“I was really surprised when I found out we won,” Liberatore said. “I didn’t think we would win because of the size of our department.”


Despite the smaller size of the department she works in, Liberatore, an academic advisor for Penn State World Campus, was able to recruit the most donors on behalf of the Online Outreach and Education department at World Campus.

In total, 548 unique donors participated in the Challenge that resulted in 512 units collected.

Of the 548 donors, 67 of them were first-time donors.

As of September 27, the American Red Cross has issued an emergency blood and platelet shortage. With the increase of COVID-19 cases in August, blood donor turnout decreased by about 10%, leaving the national blood inventory the lowest it’s been at this time of year since 2015 with less than a day’s supply of certain blood types in recent weeks.


If you are interested in learning more about blood donation and to make an appointment,

go to and search zip code 16802.


Completion of a RapidPass® online health history questionnaire is encouraged to help speed up the donation process.

To get started, follow the instructions at or use the Blood Donor App.

A blood donor card or driver’s license or two other forms of identification are required at check-in.

Individuals who are 17 years of age in most states (16 with parental consent where allowed by state law), weigh at least 110 pounds and are in generally good health may be eligible to donate blood. High school students and other donors 18 years of age and younger also have to meet certain height and weight requirements.

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Screen Shot 2021-10-19 at 3.10.53 PM.png

Trophy on display at Innovation Park

Summer 2021 Winner,

Marc McCann

By Sydney Gill

Penn State ROTC Honor Lives Lost on 9/11 Through Campus Blood Drive

By Sydney Gill and Alyssa Amblod

UNIVERSITY PARK, Pa. -- The Penn State ROTC Program sponsors a blood drive with the Red Cross every year in remembrance of 9/11, but this year it’s different.

This year will mark the 20th anniversary of the attacks on the twin towers at the World Trade Center in New York City, the Pentagon, and the crash in Shanksville, PA that happened on September 11, 2001.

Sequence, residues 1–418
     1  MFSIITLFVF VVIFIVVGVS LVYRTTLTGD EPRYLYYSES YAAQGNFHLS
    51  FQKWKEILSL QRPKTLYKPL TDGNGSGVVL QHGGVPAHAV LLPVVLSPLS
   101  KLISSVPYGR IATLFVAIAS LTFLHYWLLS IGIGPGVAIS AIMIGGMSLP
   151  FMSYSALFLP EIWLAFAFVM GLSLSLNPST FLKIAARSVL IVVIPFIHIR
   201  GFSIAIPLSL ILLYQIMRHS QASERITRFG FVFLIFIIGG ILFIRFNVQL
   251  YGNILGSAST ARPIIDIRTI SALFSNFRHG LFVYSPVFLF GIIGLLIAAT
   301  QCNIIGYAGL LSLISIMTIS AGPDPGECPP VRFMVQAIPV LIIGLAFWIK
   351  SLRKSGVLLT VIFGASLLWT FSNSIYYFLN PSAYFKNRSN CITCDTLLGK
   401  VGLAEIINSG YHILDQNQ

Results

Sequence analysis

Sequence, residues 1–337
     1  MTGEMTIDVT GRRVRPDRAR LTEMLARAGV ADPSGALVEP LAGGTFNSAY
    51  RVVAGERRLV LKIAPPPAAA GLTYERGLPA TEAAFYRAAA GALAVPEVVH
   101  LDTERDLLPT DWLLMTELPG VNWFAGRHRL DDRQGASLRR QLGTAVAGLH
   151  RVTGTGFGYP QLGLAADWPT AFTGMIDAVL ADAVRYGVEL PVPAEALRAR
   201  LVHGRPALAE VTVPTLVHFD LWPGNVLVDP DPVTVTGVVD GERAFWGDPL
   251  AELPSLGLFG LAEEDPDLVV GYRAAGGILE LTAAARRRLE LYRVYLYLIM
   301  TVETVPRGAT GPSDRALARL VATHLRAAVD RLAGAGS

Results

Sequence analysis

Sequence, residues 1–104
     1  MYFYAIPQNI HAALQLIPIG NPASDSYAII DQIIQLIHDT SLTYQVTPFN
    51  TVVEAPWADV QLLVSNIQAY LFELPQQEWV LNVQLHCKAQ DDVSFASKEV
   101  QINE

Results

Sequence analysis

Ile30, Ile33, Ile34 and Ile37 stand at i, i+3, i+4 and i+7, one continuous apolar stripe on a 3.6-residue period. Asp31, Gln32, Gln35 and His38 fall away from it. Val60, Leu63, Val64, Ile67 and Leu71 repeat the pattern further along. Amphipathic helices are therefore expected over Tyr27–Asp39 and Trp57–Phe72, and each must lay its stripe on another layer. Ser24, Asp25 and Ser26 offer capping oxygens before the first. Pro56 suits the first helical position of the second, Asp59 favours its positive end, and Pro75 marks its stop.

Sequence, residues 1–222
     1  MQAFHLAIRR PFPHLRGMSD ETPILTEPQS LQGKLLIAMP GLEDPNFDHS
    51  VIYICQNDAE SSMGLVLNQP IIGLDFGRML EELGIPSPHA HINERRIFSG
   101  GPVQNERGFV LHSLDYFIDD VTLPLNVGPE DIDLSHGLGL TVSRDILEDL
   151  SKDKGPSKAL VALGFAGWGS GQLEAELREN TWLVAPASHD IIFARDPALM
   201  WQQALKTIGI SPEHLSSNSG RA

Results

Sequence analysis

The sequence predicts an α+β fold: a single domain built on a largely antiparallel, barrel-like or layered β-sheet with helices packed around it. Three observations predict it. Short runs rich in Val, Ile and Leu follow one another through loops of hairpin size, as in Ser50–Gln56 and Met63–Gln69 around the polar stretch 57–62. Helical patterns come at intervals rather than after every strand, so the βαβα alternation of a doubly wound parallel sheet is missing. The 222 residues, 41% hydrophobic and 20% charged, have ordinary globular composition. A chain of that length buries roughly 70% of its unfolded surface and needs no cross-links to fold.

On Wednesday, September 8, 2021, over 129 people came together at the HUB in Alumni Hall to give blood in honor of the 2,996 people that lost their lives during this tragic event. Of the 129 unique donors who came to donate on September 8, 58 were first-time donors, with a total of 127 units collected.

The events of 9/11 consisted of two 767 Boeing planes crashing into the twin towers of the World Trade Center in New York City. Another flight crashed into the Pentagon in downtown Washington, D.C. Another plane leaving Newark, N.J. was hijacked and crashed in a field in Shanksville, Pa.


After the attacks, Americans turned to the Red Cross to do their part in helping America pick up the pieces of 9/11. Through monetary donations of $1.1 billion and 1 million calls on the Blood Donation line, Americans contributed aid for 9/11 to the Red Cross to help those affected.

Wyatt Netting, an ROTC student, acknowledges the importance of a community coming together in times of need. 

“Especially after 9/11, we were very unified as a country,” Netting said. “Over the years we have drifted apart but I think it would be nice to come together again. Events like this help bring people together.”


Jai Ghude, another ROTC student, says that tragedies are never expected, and with blood and or platelets already being needed every 2 seconds in the U.S., it is important that we are prepared for them.


“It can happen to you,” Ghude said. “Donate blood and save your own life.”  

Upcoming blood drives will be located in the HUB in Alumni Hall from 11:00 a.m.- 5:00 p.m. on September 14, 15 and 16. To find more blood drives, visit and search the zip code 16802. To schedule your appointment, please visit and enter sponsor code: PSU. For more information about blood donation, please visit


Completion of a RapidPass® online health history questionnaire is encouraged to help speed up the donation process. To get started, follow the instructions at or use the Blood Donor App. A blood donor card or driver’s license or two other forms of identification are required at check-in. Individuals who are 17 years of age in most states (16 with parental consent where allowed by state law), weigh at least 110 pounds and are in generally good health may be eligible to donate blood. High school students and other donors 18 years of age and younger also have to meet certain height and weight requirements.